Inside the world of competitive cheerleading in Western New York

Posted at 4:58 AM, Mar 04, 2020
and last updated 2020-03-04 08:01:52-05

ORCHARD PARK, N.Y. (WKBW) — It's an intense sport that's getting a lot of attention. Many people criticize Cheerleading saying "it's not a sport" or "cheerleaders are not athletes" yet the girls and boys who participate in the sport can tell you otherwise.

Since the Netflix Documentary "Cheer" captured people's attentions over the last few months, people have been able to get a glimpse into how draining and difficult the sport can be. Not only one one's physical health, but mental health as well.

Local cheerleading groups are happy with the attention competitive cheerleading is getting. Showing people what it is really like and how Cheering can be such a great thing for young people.

At Wild All-Stars Cheerleading in Orchard Park owners Jessica Szpylman, Rebekah Stiller, and Chelsea Puleo are teaching girls and boys of all ages how to flip, tumble and be teammates.

"It's a contact sport just like football or anything along those lines, but we just don't have the pads to protect us," Rebekah Stiller said.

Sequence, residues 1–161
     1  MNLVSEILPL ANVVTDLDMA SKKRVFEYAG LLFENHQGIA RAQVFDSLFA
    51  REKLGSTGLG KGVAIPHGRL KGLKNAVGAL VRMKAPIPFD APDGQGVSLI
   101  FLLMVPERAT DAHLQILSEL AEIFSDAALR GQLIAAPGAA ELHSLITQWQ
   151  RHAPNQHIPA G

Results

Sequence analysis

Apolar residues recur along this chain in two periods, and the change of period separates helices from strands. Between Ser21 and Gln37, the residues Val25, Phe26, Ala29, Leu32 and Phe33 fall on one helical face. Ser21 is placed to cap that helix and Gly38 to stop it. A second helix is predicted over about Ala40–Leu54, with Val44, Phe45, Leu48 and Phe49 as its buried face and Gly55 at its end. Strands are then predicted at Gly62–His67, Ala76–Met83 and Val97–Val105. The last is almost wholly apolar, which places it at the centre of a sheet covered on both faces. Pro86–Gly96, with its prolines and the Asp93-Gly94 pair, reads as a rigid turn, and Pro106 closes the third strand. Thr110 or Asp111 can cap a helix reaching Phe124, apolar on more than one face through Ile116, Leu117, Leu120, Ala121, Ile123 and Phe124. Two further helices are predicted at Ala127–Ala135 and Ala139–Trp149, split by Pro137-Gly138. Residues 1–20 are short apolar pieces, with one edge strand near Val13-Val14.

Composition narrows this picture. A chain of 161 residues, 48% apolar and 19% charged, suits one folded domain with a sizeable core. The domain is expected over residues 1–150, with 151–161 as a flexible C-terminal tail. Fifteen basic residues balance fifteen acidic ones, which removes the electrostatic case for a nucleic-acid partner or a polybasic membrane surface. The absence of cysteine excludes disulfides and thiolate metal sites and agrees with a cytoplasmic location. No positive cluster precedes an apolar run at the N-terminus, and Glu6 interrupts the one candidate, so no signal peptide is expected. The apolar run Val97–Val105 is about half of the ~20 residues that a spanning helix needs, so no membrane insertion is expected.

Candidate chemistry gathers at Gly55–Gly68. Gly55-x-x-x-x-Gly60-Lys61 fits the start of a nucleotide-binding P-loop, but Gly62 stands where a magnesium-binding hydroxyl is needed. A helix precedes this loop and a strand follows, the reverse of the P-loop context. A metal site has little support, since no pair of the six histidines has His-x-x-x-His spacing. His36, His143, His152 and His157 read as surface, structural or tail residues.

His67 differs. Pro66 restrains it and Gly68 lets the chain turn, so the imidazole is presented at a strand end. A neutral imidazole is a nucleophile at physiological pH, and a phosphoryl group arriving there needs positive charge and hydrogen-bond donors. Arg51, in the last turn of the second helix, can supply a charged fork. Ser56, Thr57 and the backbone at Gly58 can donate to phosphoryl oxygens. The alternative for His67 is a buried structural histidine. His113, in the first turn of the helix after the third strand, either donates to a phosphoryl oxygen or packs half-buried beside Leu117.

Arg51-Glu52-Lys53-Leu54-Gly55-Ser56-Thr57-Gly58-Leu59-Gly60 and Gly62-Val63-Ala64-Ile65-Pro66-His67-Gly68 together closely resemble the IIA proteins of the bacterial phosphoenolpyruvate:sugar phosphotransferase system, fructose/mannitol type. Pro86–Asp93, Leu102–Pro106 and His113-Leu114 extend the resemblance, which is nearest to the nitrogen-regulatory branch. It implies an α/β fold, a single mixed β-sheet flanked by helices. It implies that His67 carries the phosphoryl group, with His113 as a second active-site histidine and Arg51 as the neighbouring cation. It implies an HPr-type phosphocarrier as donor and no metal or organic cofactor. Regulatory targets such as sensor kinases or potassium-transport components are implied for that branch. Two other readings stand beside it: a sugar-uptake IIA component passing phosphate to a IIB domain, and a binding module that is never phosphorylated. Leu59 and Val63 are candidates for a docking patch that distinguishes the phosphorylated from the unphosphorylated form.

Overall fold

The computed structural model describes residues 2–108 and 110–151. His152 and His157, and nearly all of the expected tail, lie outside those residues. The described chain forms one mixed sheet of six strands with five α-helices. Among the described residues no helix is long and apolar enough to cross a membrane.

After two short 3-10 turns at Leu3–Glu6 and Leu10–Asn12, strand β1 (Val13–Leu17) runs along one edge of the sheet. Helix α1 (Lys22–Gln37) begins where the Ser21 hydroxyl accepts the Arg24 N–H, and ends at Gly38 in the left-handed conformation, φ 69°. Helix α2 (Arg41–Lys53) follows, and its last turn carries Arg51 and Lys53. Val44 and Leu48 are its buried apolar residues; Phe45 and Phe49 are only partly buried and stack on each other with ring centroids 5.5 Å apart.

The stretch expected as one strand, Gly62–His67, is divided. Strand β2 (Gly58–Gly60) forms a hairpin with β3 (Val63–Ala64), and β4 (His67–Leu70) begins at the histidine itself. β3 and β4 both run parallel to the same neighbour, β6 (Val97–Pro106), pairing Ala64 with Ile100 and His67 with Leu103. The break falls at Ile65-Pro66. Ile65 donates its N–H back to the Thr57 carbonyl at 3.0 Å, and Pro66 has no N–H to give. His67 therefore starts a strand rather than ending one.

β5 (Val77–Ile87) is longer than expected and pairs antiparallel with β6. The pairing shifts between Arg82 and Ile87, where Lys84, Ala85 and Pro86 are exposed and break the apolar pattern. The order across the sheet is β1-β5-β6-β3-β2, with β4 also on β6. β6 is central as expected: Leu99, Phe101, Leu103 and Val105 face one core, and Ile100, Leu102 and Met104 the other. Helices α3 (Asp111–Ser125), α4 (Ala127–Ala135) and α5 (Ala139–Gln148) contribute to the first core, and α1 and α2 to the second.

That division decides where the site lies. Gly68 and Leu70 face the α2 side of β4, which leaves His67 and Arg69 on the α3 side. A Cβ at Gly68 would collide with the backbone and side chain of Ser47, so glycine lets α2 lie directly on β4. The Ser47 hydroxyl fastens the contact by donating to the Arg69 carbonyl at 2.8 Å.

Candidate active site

Stiller says she hopes after people watch the documentary, they will have a better understanding for the sport.

"[Cheerleaders] are hard on their bodies, they're throwing people and catching them, they are tumbling and just like in gymnastics, it wears on your body," Stiller said. "To say we aren't athletes is not only an insult, it just shows that people aren't educated enough."

Eliyanah Theodore is an eight-year-old flyer, and has to trust her teammates to catch her.

"You have to become friends with them, and if you become friends with them then they will try not to drop you," Theodore said.

Stiller says cheering goes beyond athletics.

She says the people who cheer are constantly practicing the right techniques to stay healthy and win competitions; and in the process they learn skills like self-discipline and accountability. Just last year a new study showed that cheerleading has one of the highest concussion rates, not only at competitions but at practice as well.

"Our biggest goal is to just see growth in the gym, and growth in their performances," Stiller said. Their competition season ramps up beginning of June.